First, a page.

Image-based social media platform Pinterest (PINS 0.79%) benefited from massive gains during the pandemic. Since its customers had more spare time, they engaged with the platform more, sending Pinterest stock surging.
However, along with the end of pandemic-related lockdowns came a decline in the Pinterest user base. Consequently, the stock price has fallen back to pre-pandemic levels. With the stock trading at its lowest level since mid-2020, investors have to decide whether to avoid the social media stock or treat its much lower price as a buying opportunity.
The problem with Pinterest
At first glance, Pinterest looks like a marketer's dream. Pinterest users, called Pinners, "pin" their likes and interests on personal boards, telling marketers what they like individually. This could give Pinterest some advantage over Meta Platforms, which forces advertisers to rely more heavily on demographics and psychographics, which can often lead to wrong assumptions about the users to target with their ads.
But what's not dreamy to marketers, or investors for that matter, is the ongoing decline in monthly active users (MAUs). After years of steady growth and a peak of 478 million in the first quarter of 2021, MAUs had dropped to 431 million by Q4.
Pinterest blamed the end of lockdowns for the lower numbers. However, social media platforms such as Snap experienced increased user levels over the same period, which suggests there may be other possible problems for the site.
The company has tried new strategies to drive engagement. Creators can now add short videos, and Pinners may soon be able to make purchases without leaving the Pinterest site. The latest earnings report will be released on April 27, and the updated numbers should give investors an indication of whether engagement has finally begun to turn around.
The case for ignoring falling MAUs
However, amid the focus on MAUs, investors may have ignored a more essential and positive metric -- revenue. Despite fewer people on its platform, 2021 revenue came in at almost $2.6 billion, a 52% increase from year-ago levels. Moreover, Pinterest reported a profit of $316 million for the year, a considerable improvement over the $128 million loss in 2020.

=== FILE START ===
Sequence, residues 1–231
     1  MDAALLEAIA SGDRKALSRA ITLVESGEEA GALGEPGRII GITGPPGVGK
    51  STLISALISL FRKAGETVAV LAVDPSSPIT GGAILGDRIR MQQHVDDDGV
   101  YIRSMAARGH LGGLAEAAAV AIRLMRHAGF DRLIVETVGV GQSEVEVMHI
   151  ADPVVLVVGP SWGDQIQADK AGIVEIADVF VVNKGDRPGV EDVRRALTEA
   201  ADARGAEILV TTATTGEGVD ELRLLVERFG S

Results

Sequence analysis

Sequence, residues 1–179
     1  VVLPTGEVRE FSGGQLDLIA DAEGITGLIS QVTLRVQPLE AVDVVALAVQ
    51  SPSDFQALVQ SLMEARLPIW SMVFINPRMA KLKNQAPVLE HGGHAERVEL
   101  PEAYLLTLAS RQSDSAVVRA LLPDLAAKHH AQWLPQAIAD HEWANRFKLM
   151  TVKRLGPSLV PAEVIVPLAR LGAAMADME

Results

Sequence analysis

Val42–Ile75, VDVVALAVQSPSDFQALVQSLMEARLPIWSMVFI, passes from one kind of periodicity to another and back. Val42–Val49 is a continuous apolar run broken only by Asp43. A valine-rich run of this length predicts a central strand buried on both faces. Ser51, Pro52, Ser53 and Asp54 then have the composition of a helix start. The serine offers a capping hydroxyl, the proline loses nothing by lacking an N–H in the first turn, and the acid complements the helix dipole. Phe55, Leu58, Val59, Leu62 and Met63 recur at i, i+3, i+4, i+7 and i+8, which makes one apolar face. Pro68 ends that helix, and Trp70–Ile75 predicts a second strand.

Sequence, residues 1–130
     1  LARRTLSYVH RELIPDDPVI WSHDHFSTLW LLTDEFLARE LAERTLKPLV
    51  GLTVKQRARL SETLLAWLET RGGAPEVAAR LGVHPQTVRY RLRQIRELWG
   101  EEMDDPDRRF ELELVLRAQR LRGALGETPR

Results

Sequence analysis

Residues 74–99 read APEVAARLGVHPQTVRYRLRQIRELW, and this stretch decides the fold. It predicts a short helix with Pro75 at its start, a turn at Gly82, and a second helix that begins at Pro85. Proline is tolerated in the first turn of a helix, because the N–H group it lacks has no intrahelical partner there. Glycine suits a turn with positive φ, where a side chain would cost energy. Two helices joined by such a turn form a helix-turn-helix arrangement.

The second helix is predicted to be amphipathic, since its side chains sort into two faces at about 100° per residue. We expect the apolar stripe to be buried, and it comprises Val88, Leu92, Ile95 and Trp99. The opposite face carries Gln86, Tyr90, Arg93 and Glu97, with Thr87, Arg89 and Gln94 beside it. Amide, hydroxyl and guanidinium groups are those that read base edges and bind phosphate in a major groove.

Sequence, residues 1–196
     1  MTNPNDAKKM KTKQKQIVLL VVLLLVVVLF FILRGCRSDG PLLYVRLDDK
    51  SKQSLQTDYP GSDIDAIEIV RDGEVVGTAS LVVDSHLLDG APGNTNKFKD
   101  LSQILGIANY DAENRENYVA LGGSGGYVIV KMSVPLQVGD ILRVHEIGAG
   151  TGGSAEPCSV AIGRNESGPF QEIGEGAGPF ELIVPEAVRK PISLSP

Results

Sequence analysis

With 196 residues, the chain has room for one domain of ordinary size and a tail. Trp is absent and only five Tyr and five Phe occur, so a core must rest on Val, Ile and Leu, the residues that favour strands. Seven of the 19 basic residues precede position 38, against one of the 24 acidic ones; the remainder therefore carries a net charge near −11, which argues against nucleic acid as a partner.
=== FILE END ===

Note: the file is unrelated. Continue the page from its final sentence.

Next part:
The revenue increase occurred because Pinterest's smaller customer base continues to spend more money. In 2021, global average revenue per user (ARPU) came in at $5.79, 36% higher than last year. In the U.S., ARPU grew 43% to $21.98, and the $1.59 in international ARPU spiked by 80%.
Nonetheless, the company's MAU struggles show up in other financial metrics. Revenue rose by only 13% in Q4, and Q4 earnings fell due to higher research and development expenses and increased sales and marketing expenses.
Nonetheless, Pinterest forecasts revenue growth in the "high teens" in Q1, pointing to a recovery in revenue growth. That slowing revenue growth probably contributed to Pinterest's stock price falling by more than 70% from its high.
Still, this drop has taken the price-to-sales ratio to less than 6, returning to the record lows of early 2020. That also makes it significantly cheaper than Snap, which has a P/S ratio of about 12. Such levels could point to a buying opportunity if sentiments turn positive for the stock.
Should investors consider Pinterest?
Many investors may wait until the April 27 report before opening any Pinterest positions. However, they may want to begin buying. Despite somewhat lower engagement, users continue to spend more on the platform, and the company has made efforts to increase engagement. Moreover, the P/S ratio has again begun to flirt with record lows. Such user and stock behavior could indicate that the declines could end sooner rather than later.